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October 25, 2014
Friday, August 22, 2014

New feature Aprox is a dull essay on body language

A scene from Víctor Kesselman’s Aprox.
By Pablo Suárez
For the Herald

The Argentine feature Aprox, by Víctor Kesselman, is meant to be an insightful essay on body language in our everyday life, and is inspired by a sales handbook from the 1980s that places such issues within the workplace environment. What is the meaning of our gestures? Are they that easy to decode? Is there really a unique way to understand what people say when they choose not to speak with their voices?

And while you may say that Aprox does explore many of these questions, the truth is that it’s hardly a film worth watching: there is no hint of cinematic language here. Instead, just imagine an informative product made by, let’s say, an institution devoted to the teaching of body language that wanted to make something new and innovative. So it is — partly — a faux documentary. Then there’s a fictional side to it, which includes some elements of comedy and musical that are about as funny as getting stuck in a traffic jam.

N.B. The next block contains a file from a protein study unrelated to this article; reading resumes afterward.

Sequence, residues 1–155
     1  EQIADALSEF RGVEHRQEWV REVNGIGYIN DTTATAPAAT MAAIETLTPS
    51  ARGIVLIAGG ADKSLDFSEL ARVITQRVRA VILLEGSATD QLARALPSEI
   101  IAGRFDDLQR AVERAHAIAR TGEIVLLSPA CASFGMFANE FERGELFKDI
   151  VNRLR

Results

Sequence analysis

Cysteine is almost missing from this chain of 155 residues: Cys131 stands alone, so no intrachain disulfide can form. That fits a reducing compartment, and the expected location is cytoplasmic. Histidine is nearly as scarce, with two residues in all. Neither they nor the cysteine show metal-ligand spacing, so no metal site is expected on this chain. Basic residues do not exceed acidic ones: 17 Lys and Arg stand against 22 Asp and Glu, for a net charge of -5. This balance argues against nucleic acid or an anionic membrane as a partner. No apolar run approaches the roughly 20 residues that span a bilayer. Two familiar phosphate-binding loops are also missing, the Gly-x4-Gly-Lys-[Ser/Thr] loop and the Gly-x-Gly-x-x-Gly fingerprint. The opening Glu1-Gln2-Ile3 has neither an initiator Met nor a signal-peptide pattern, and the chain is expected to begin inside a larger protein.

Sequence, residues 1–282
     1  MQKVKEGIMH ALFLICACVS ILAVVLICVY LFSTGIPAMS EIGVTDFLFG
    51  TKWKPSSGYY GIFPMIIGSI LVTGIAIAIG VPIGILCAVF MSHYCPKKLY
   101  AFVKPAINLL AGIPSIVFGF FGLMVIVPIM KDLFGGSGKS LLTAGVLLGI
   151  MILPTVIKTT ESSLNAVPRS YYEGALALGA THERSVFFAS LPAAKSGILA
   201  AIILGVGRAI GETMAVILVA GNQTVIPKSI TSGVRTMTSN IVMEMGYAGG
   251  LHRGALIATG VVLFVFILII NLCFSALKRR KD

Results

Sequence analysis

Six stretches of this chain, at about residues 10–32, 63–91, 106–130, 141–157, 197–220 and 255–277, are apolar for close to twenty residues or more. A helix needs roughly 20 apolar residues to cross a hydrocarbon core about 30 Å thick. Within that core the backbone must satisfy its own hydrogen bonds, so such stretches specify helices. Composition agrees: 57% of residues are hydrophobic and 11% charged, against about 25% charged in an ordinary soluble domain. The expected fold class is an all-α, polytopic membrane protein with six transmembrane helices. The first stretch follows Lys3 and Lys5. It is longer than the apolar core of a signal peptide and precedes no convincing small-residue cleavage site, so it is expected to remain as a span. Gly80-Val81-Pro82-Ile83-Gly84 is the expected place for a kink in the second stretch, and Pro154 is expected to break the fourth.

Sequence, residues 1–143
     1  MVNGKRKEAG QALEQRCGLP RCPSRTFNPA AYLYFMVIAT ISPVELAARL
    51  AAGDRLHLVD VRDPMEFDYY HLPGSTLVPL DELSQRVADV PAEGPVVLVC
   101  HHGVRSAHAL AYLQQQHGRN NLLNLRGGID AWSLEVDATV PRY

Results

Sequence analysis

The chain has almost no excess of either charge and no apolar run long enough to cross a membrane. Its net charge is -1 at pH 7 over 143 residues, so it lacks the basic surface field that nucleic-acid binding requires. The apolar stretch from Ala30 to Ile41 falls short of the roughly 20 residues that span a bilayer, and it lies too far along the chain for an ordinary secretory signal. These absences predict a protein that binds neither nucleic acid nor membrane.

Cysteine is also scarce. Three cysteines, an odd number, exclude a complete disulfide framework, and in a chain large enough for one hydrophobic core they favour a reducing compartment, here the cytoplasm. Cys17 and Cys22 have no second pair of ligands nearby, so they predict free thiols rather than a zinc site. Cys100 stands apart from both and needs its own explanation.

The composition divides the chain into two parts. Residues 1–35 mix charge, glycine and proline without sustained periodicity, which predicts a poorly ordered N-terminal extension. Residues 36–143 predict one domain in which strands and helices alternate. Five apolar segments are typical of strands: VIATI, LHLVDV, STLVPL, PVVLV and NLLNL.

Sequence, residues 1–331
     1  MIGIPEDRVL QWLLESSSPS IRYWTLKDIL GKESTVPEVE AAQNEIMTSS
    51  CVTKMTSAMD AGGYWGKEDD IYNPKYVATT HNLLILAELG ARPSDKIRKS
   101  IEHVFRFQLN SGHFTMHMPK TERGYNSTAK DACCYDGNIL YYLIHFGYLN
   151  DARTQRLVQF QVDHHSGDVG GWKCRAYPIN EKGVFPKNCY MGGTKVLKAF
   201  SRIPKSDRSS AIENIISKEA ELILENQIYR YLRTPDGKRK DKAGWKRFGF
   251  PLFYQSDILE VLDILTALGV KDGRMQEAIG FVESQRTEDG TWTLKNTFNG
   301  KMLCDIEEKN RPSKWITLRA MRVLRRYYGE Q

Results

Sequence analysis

The huge problem here is not so much the premise, but the fact that it’s very poorly executed in all regards. For instance, picture a long, long series of different situations where people express different ideas — and at the end, they might be explained. Sometimes you have to figure them out on your own. But the elaboration of these sequences and scenes is so rudimentary, the camerawork is so inexpressive, the acting is so unconvincing, and the cinematography is so flat that it’s virtually impossible to pay attention to the undeniably interesting universe of body language.

Aprox has probably been made with the best intentions, but that hardly makes a difference. Its themes are appealing, and it seems that they have been researched thoroughly. Too bad there hasn’t been an equally professional approach when it comes to employing the many elements of the language of cinema.

Limited release: Gaumont

Production notes

Aprox (Argentina, 2014). Directed by Víctor Kesselman. Written by Bruno Gerondi, Víctor Kesselman and Viviana Vázquez. Editing by Oscar Saporitti, Gustavo Gorzalczany. Cinematography by Federico Nessim. Running time: 75 minutes.

@pablsuarez

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